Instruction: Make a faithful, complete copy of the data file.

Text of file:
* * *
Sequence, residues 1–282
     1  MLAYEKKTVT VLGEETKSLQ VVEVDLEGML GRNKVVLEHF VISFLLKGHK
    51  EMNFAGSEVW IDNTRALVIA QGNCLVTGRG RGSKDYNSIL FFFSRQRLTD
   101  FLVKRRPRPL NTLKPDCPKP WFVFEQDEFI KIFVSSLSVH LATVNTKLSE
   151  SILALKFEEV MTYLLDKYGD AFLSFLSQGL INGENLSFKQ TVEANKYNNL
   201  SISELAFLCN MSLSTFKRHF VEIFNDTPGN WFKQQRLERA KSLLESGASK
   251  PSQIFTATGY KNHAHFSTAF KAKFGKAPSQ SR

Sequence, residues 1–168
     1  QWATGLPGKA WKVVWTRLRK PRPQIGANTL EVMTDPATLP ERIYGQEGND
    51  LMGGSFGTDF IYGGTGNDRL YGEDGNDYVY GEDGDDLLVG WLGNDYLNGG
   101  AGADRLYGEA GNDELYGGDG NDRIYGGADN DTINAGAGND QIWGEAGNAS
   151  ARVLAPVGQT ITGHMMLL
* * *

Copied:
Sequence, residues 1–282
     1  MLAYEKKTVT VLGEETKSLQ VVEVDLEGML GRNKVVLEHF VISFLLKGHK
    51  EMNFAGSEVW IDNTRALVIA QGNCLVTGRG RGSKDYNSIL FFFSRQRLTD
   101  FLVKRRPRPL NTLKPDCPKP WFVFEQDEFI KIFVSSLSVH LATVNTKLSE
   151  SILALKFEEV MTYLLDKYGD AFLSFLSQGL INGENLSFKQ TVEANKYNNL
   201  SISELAFLCN MSLSTFKRHF VEIFNDTPGN WFKQQRLERA KSLLESGASK
   251  PSQIFTATGY KNHAHFSTAF KAKFGKAPSQ SR

Sequence, residues 1–168
     1  QWATGLPGKA WKVVWTRLRK PRPQIGANTL EVMTDPATLP ERIYGQEGND
    51  LMGGSFGTDF IYGGTGNDRL YGEDGNDYVY GEDGDDLLVG WLGNDYLNGG
   101  AGADRLYGEA GNDELYGGDG NDRIYGGADN DTINAGAGND QIWGEAGNAS
   151  ARVLAPVGQT ITGHMMLL